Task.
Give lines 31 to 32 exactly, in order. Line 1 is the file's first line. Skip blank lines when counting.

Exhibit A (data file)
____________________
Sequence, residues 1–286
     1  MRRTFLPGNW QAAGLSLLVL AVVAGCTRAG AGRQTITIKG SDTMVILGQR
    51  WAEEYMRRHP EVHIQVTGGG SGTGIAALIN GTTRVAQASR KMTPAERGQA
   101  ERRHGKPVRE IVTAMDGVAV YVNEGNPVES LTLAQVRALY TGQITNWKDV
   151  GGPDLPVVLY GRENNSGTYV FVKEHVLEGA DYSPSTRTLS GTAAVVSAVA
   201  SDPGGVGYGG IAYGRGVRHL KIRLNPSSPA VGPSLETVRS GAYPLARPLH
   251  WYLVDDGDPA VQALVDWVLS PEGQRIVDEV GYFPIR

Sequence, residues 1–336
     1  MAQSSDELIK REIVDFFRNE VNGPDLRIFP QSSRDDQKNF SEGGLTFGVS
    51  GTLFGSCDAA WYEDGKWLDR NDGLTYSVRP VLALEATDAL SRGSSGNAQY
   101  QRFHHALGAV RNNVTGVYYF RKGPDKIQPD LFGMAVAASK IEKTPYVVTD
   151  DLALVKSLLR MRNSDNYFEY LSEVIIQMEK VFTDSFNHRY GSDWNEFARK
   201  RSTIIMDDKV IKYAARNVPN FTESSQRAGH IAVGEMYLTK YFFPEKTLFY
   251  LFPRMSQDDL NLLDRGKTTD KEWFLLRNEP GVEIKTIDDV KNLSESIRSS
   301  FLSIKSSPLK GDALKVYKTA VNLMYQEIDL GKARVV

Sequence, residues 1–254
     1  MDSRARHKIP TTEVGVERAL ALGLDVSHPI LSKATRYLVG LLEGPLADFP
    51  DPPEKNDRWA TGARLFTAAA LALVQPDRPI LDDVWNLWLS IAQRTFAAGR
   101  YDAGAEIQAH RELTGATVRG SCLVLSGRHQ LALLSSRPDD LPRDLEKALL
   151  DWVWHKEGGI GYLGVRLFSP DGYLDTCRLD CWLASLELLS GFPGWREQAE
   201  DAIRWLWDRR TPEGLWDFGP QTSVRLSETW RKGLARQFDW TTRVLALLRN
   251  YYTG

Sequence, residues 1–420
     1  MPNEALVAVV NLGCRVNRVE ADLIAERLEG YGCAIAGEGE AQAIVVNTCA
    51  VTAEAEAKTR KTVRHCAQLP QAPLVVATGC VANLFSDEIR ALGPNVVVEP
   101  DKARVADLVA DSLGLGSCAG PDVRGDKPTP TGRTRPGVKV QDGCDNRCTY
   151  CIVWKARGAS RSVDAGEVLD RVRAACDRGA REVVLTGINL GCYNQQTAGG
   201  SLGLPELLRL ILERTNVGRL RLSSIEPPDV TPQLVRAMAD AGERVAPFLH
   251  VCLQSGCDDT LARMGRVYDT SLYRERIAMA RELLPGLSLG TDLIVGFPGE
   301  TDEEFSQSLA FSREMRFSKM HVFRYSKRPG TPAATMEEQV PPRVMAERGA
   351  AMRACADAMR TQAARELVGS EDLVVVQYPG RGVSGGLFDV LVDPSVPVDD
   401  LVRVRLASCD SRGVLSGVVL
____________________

   351  AMRACADAMR TQAARELVGS EDLVVVQYPG RGVSGGLFDV LVDPSVPVDD
   401  LVRVRLASCD SRGVLSGVVL